Just as perfect and to complement this handsome sailor there’s no one quite so faultless as Anne Elliot, the love of the Captain’s life. The fact that she shares my family name, has been disappointed in love and also lost her mum at a time when she was most needed, makes her seem very real. But that’s where the comparisons end. I don’t have a lot else in common with Miss Anne Elliot of Kellynch Hall in Somerset. I am not sweet and good, nor do I live in a stately home in 1815. Anne is the kind of person I would love to be: gentle, modest, and intelligent. I’d like to think I’ve got a brain but, as for the rest, I know I have a habit of being outspoken. I’m always saying the wrong thing and putting my foot in it, a fault the lovely Anne would never commit. Above everything else, I’d like to find a guy who adores me as Fred does Anne and experience that kind of enduring devotion for myself; a burning passion with a forever love.
I took the train. There was nowhere to park in Bath that wasn’t going to cost a lot of money and Dad said that he thought most places could be reached on foot. I liked the idea of walking. I badly needed some exercise especially as those New Year promises to keep up my gym subscription had disappeared when I saw just how much it had gone up. It wasn’t until the Abbey and Pulteney Bridge came into view that the age or the beauty of the place really struck me. However, by the time I was striding over the narrow bridge’s footpath, the novelty of walking had worn off due to the number of people crossing who seemed to think I was invisible and kept walking into me or my luggage. Dragging my suitcase on wheels and weighed down with another bag stuffed full meant I had no time to stop and look at all the shops along the bridge, though it crossed my mind that even if I found nothing else to do I could happily spend a month in retail therapy.
But when I reached the island at Laura Place, I had to stop. In Persuasion, the Elliot’s snobby cousin, Lady Dalrymple, lives there with her daughter, Miss Carteret, so I paused for a minute trying to imagine which house it was that they occupied. Great Pulteney Street lay ahead, magnificently grand like some dowager duchess putting out her best jewels on display. Its length seemed interminable, but I kept my eye fixed on the Holburne Museum at the end knowing that I was to turn off before I reached it.
Sydney Place is no longer the quiet spot that Jane Austen must have known and the traffic, which roars past day and night, is as loud as any in London. That was the first illusion shattered, although I felt really thrilled at the idea of living next door to the house of the writer who had penned Persuasion. The thought that perhaps some of Jane’s genius might permeate through the walls to inspire me was exciting. As I walked up the pathway of the imposing Georgian house I looked across to next door looking for any sign of life, but the shutters were drawn like sleeping eyes preventing any glances at the soul within. I’m not quite sure what I’d expected really, but I felt faintly disappointed once through my own front door. It was hardly Jane Austen heaven. In the dim light, I could see scuffed magnolia walls and a blue nylon carpet stretching down the passageway to sweep up the elegant staircase. A torn paper shade over an electric bulb hung just behind the fanlight above the door and smells of rotting vegetation from recycling bags in the corner did nothing to improve my first impressions. It was then that I wondered if I’d made a huge mistake.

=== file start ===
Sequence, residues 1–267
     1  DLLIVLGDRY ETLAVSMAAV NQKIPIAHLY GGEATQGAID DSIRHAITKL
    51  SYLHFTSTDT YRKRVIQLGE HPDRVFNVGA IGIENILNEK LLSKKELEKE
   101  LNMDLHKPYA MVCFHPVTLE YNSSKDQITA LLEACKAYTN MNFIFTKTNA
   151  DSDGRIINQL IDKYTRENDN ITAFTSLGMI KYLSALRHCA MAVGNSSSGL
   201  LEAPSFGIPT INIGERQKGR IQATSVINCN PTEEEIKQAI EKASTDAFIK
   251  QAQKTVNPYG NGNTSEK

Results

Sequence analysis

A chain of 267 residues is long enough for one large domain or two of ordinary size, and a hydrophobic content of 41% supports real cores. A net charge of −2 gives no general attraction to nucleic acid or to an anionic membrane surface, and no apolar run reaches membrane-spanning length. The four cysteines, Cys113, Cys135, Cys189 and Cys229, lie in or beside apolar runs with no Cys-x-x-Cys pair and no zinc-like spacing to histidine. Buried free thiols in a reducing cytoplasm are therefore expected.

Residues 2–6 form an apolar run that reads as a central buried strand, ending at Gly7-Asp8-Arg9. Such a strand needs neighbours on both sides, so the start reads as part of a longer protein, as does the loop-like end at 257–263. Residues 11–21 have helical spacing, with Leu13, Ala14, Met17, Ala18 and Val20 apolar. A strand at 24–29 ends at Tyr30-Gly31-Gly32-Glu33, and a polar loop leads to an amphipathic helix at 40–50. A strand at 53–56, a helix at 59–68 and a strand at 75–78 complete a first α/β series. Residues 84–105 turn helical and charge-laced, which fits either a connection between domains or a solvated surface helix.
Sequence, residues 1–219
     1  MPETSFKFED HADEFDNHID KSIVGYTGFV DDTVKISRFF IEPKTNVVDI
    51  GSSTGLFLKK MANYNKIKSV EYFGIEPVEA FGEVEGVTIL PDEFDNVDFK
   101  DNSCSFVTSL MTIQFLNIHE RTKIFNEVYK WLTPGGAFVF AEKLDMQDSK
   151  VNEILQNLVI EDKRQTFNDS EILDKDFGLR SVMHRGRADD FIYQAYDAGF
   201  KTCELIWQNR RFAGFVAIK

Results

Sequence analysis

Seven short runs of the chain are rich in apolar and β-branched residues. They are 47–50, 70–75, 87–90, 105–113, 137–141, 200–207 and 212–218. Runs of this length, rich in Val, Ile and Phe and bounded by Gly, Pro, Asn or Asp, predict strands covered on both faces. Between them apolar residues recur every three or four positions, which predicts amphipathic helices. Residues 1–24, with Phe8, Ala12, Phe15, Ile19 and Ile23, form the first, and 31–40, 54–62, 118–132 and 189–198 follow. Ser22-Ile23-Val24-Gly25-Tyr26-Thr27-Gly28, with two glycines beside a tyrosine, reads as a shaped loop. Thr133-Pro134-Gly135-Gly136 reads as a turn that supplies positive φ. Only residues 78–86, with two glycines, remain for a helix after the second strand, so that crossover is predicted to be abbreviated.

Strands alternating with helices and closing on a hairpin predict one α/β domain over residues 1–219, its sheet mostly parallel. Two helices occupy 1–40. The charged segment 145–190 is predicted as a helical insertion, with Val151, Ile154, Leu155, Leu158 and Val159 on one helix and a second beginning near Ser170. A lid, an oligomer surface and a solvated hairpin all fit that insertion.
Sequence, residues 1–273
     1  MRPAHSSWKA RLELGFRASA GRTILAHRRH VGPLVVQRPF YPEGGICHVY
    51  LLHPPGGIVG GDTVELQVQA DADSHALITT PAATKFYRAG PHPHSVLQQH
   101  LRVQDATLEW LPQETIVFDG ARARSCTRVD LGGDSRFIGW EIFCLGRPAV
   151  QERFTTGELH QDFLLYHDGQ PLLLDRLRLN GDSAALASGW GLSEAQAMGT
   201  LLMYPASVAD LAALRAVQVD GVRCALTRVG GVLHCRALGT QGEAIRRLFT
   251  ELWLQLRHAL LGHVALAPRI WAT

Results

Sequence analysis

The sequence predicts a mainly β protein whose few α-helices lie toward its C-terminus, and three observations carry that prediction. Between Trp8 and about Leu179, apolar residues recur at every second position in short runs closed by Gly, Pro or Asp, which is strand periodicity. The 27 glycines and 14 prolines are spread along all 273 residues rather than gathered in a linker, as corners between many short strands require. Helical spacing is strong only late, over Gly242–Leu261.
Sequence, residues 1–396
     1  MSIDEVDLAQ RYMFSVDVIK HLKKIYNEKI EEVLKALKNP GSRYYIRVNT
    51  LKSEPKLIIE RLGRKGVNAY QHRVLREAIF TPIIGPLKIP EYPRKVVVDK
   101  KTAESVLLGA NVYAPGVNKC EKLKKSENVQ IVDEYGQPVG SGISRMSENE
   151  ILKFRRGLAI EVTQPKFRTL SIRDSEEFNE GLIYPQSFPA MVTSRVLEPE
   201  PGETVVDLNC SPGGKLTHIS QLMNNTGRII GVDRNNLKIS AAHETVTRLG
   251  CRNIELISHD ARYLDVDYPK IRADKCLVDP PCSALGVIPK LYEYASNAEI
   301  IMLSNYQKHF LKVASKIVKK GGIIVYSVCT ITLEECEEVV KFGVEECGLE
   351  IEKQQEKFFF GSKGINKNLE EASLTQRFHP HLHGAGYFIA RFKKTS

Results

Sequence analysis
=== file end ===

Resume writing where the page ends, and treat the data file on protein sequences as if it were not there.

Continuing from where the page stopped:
On the left was the entrance door to the ground floor flat, which gave no clues to its owner apart from the fact that it was painted a very tasteful grey. I’d just picked up my stuff to go upstairs when I heard the handle of the door start to turn. I didn’t know what to do and, holding my breath, I stood for a moment with a fixed grin on my face waiting for the person on the other side to open the door. The handle rattled again but, to my relief, no one came out. Knowing that I looked a complete mess after my journey, I must admit, the thought of meeting anyone just yet filled me with horror, so I stealthily crept up the staircase as quietly as I could and let myself into the flat.
If I’d been disappointed before, now I was devastated. It was the pungent smell that hit me first, a mixture of stale air and damp, of rooms having been shut up for an age. I couldn’t see it was so dark, but I managed to stumble my way into what must have once been the drawing room. It was a sizeable space with double doors dividing the room beyond. Heavy, damask curtains closed against the three floor-length windows on the opposite side emitted fat sighs of dust to powder the air when I touched them and rattled on brass rings like a wheezing, bronchial chest as they were pulled aside. I unlatched the wooden shutters, top and bottom, and threw them back to send sparkles of light from the sun streaming through the murky windows to gild the ancient objects and faded furniture inside. Struggling with the locks, which were screwed tight, the windows protested against being opened, but at last they gave in and fresher air filled the room.
I felt suddenly overwhelmed. The fact that I was on my own struck me with a force. I’d never been completely by myself before. Even at university I’d always been surrounded by people and friends. Why on earth had I thought that coming to Bath was such a good idea? Right then, all I wanted to do was pick up my phone and call Lucas. But, I couldn’t ring him. I couldn’t give him the satisfaction that I needed him and still wanted so much to talk to him.